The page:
The recent earthquake has focused the world's attention on this small country that is the western third of the island, Hispaniola; the Dominican Republic makes up the other two-thirds.
As with many events that involve predominantly black countries, myths abound about the people and culture of Haiti. Despite the worldwide fame of stars, such as Wyclef Jean, most Americans know little about its history.
In fact, it was the first nation in the Western Hemisphere to gain independence, when the legendary Touissant L'Overture defeated British, Spanish, and French troops to emanicipate the slave population in 1804. http://www.hartford-hwp.com/archives/43a/
Movies and TV have depicted Haitian voudu (or voodoo, as its more commonly called) as dark and mysterious. In fact, it's a blend of religious worship originating in several West African countries transplanted to Haiti.
This week, Pat Robertson, chairman and founder of the Christian Broadcasting Network, http://www.cbn.com/700club added to the confusion by stating that Haitians had made "a pact with the devil," which led to the earthquake. (Mr. Robertson, how do you explain killer mudslides in China, tsunamis in Asia, or the World Trade Center devastation?)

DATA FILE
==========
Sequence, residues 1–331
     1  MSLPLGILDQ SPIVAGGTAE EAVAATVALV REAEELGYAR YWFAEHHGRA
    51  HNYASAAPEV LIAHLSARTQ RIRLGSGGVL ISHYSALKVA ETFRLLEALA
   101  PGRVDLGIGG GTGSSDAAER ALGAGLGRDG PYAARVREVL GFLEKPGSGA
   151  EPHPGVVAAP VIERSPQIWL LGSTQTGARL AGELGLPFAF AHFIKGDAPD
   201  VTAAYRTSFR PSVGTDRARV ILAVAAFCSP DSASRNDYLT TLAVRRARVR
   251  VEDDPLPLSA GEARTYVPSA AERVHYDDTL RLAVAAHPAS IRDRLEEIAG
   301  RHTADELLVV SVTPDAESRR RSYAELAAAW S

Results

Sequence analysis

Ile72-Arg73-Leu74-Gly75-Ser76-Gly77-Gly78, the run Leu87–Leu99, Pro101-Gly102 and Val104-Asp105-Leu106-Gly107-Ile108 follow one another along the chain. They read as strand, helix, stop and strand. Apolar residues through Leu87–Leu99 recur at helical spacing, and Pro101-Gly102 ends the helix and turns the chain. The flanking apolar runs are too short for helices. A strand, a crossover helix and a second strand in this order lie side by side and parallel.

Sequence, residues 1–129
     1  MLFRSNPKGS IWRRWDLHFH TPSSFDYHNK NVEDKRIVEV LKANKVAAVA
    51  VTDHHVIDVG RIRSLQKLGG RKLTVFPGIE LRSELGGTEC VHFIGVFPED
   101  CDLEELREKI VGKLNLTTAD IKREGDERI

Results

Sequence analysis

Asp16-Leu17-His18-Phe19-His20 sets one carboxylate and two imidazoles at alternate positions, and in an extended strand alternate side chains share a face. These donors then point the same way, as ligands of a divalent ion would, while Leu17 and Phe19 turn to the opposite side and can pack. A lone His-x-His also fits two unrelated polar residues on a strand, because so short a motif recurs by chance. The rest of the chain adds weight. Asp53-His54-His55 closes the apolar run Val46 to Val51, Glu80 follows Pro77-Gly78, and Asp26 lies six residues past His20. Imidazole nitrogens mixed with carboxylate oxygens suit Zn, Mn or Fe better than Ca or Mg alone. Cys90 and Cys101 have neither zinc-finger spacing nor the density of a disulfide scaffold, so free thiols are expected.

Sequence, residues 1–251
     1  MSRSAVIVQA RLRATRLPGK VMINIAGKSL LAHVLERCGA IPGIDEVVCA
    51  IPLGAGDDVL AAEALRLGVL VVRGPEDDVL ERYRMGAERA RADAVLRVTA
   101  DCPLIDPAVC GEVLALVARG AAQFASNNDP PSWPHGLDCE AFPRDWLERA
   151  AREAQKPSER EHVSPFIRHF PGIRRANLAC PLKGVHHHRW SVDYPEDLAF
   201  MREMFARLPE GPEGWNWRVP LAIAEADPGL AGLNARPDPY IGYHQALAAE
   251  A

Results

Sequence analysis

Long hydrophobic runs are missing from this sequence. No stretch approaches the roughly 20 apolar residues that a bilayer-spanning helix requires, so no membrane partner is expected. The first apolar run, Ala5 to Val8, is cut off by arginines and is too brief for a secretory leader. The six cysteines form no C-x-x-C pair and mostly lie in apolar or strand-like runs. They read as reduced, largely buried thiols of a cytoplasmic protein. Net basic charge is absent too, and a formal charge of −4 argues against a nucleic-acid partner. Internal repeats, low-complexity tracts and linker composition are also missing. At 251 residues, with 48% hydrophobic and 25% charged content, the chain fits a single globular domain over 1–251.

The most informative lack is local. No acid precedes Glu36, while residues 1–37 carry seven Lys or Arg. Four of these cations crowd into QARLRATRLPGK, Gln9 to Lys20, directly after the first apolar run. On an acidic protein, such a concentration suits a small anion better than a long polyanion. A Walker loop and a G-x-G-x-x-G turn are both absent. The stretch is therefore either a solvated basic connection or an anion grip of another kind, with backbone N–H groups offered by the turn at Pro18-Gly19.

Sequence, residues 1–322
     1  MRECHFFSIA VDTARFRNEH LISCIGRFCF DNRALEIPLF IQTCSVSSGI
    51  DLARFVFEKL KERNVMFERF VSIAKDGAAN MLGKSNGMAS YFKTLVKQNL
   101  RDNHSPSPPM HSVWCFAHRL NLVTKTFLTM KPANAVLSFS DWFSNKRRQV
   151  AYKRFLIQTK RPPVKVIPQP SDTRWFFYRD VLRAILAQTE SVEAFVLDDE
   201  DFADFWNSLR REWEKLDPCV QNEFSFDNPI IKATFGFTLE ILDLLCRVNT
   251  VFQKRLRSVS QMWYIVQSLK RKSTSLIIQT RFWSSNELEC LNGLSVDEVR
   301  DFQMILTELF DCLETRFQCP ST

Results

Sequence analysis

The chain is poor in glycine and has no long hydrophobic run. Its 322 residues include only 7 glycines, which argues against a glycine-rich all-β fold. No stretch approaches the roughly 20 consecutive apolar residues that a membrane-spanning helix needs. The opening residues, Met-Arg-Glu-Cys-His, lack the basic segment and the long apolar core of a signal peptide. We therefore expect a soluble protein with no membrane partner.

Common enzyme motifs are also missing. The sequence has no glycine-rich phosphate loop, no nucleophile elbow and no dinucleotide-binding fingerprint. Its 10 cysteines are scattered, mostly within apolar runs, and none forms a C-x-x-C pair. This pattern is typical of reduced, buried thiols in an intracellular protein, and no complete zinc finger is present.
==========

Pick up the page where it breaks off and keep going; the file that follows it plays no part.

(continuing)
Fortunately, the international community, celebrities, medical personnel, and relief organizations have rushed to meet the needs of the people without judgement. Relief aid is difficult to administer when the structures that housed government offices have been demolished and political leaders have no resources or places from which to govern.
Haitians outside of the country are helpless to reach or help their own. I learned this week that a friend lost her sister in the earthquake. Her family has no idea how it will arrange for services.
On the positive side, ordinary people (like my granddaughter) are donating five and ten dollars to the relief effort. This is the best response to tragedy: reach out to those in need without prejudice. http://www.icrc.org/